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Sam Bankman-Fried finally arrested in the Bahamas

Sam Bankman-Fried under Bahamian police custody
Sam Bankman-Fried under Bahamian police custody

Image source: The Japan Times

On Monday, the founder and former CEO of bankrupt crypto exchange FTX, Sam Bankman-Fried, was arrested in the Bahamas.

According to a Bahamian government statement, the arrest comes after the order from US prosecutors, which filed criminal charges against him.

The news

The Southern District of New York investigated Sam Bankman-Fried and the collapse of his companies, FTX and Alameda.

The SDNY also confirmed the arrest and announced the news on Twitter.

US Attorney Damian Williams recounted the arrest in a tweet:

“Earlier this evening, Bahamian authorities arrested Samual Bankman-Fried at the request of the US government, based on a sealed indictment filed by the SDNY.”

“We expect to move to unseal the indictment in the morning and will have more to say at that time.”

The arrest

Sam Bankman-Fried was a cryptocurrency celebrity until early November, when his company faced a liquidity crunch, forcing him to file for bankruptcy.

He quickly became a pariah and left more than a million depositors without access to their money.

On Monday night, SBF was arrested without incident in the Bahamas at his apartment complex.

He is expected to show up in court in Nassau on Tuesday, according to a statement from the Royal Bahamas Police Force.


The Securities and Exchange Commission confirmed that it authorized separate charges connecting to Sam Bankman-Fried’s “violations of securities laws.”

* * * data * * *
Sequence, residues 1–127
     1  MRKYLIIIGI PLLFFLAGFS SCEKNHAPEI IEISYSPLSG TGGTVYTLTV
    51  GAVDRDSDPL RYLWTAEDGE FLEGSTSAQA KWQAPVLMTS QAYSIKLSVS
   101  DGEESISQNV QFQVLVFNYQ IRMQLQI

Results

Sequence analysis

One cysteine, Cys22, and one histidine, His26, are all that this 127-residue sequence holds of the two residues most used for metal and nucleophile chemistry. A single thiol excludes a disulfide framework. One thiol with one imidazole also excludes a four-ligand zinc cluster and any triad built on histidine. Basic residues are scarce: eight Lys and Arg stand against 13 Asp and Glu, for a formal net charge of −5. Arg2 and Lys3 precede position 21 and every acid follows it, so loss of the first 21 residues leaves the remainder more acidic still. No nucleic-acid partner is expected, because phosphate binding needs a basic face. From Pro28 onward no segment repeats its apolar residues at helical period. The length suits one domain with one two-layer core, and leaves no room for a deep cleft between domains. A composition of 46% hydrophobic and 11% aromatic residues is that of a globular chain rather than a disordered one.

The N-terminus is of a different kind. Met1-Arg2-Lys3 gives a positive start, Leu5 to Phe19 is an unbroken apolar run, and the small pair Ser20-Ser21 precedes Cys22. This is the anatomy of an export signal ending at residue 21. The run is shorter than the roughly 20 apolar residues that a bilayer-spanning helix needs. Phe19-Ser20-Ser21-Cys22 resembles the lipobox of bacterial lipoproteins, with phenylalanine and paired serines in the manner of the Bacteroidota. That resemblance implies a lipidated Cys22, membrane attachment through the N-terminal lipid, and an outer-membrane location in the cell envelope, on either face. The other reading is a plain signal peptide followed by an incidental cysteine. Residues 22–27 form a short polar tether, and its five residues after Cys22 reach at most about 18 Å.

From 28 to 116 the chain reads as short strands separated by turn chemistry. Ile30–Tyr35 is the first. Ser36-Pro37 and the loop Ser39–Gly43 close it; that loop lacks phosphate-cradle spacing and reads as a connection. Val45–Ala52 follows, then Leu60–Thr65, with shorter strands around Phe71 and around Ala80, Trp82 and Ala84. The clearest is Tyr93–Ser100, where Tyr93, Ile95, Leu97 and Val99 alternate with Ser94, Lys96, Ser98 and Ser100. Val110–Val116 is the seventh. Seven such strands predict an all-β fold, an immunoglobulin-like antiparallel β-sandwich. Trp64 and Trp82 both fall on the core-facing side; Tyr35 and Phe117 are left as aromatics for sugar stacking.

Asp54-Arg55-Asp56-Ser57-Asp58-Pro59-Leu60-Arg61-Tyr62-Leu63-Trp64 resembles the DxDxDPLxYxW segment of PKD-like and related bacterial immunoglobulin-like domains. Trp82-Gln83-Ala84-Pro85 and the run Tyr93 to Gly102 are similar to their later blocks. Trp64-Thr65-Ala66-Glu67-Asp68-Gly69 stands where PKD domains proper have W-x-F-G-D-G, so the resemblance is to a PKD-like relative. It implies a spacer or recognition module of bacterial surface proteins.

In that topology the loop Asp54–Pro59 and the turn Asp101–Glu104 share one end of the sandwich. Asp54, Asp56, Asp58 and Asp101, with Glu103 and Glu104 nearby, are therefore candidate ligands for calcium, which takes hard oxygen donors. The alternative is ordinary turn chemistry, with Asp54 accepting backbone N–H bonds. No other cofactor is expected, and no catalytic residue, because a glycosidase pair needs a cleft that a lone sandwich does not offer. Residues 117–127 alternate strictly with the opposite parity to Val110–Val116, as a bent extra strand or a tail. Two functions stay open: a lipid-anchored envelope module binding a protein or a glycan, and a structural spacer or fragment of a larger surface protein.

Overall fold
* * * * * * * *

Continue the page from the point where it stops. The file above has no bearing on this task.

It remains to be seen what the founder of FTX, a 30-year-old crypto celebrity and now a crypto pariah, is charged with.

The company struggled with a liquidity crunch that forced it to file for bankruptcy in November.

As a result, millions of FTX customers have lost access to their funds.

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The New York Times wrote about a person familiar with the situation and revealed SBF’s charges, which include:

  • Wire fraud
  • Wire fraud conspiracy
  • Securities fraud
  • Securities fraud conspiracy
  • Money laundering

The US has an extradition treaty with the Bahamas that allows US prosecutors to bring suspects back to American soil.

The settlement said the charges would be punishable by more than a year in prison in both jurisdictions.

Aftermath of the collapse

Four weeks after FTX filed for bankruptcy, Sam Bankman-Fried had the demeanor of a “hapless” CEO.

He portrayed the role of someone soaring above the sky, denying fraud allegations against FTX customers.

“I didn’t knowingly commit fraud,” said SBF on BBC last weekend.

“I didn’t want any of this to happen. I was certainly not nearly as competent as I thought I was.”

House hearing

Sam Bankman-Fried was scheduled to make a virtual appearance on Tuesday before the US House Financial Services Committee.